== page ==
Based on this doctrine, common law does not require the owner or possessor of land to anticipate the presence of, or guard an invitee against, harm from animals ferae naturae. It has particular application to zoonotic diseases, where transmission is from animal to human, such as West Nile or hantavirus. Even if the doctrine is not extended to viruses and transmission is person-to-person, a type of “act of God” argument will likely be made in future coronavirus litigation to limit human -liability for the consequences of the -natural world.
Plaintiffs have been most successful in infectious disease cases where negligence directly contributes to exposure or spread of the pathogen. Legionnaires’ disease, also known as legionellosis, is a form of atypical pneumonia caused by legionella bacteria. Improper maintenance of hot water tanks, hot tubs and cooling towers of large air conditioners can cause its spread. When an outbreak of Legionnaires’ disease is traced back to a single facility that shows signs of a maintenance failure in these systems, a typical premises liability analysis applies.
Similarly, foodborne illnesses involving E. coli or salmonella bacteria can typically be prevented through proper food safety protocols. Cooking or handling food improperly can allow these bacteria to be spread to the consumer. Often, these types of adulterated food cases are subject to strict products liability theories, a more difficult standard for defendants. But the basis for these cases is similar to those involving negligence, i.e., defendants had knowledge of the risk of spreading an infectious disease and failed to follow standard practices to prevent it.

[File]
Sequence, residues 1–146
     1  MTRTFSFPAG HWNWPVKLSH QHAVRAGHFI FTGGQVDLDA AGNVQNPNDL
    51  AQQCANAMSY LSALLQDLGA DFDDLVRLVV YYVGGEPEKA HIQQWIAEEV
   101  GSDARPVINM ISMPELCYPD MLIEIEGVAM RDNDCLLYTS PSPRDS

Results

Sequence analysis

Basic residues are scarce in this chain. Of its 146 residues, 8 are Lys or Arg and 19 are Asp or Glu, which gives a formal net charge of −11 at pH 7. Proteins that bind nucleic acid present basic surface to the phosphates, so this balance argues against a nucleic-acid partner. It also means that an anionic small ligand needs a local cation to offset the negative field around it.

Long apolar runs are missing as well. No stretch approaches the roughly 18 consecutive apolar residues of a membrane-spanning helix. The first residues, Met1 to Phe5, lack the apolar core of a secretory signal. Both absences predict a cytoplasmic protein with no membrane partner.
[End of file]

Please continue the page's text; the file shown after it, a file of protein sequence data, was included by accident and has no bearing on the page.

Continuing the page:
Other plaintiffs have tried failure-to-warn theories. Where an infectious disease, such as coccidioidomycosis, is endemic to an area, plaintiffs may argue that a defendant has an obligation to warn outsiders of its presence.
Regarding coronavirus, a common negligence theory may apply. Social distancing, not allowing employees to remain at work when ill, or even enforcing the recommended six-foot barrier between individuals are now arguably all part of the general standard of care. If a single nursing home or -similar facility becomes a “hotspot,” evidence of failure to follow these now well-known public health practices could lead to liability.
The list of public health practices forming the new standard of care will expand as the pandemic grows. Early adoption of these practices may not only be prudent from a public health perspective, but from a risk management one as well.
Evidentiary Issues in Infectious Disease Cases
Absent some form of legislated immunity from liability or a court expansively applying the concepts behind the ferae naturae doctrine, coronavirus cases may proceed on a negligence/premises liability theory against many typical business defendants. What evidentiary challenges will plaintiffs in these cases face?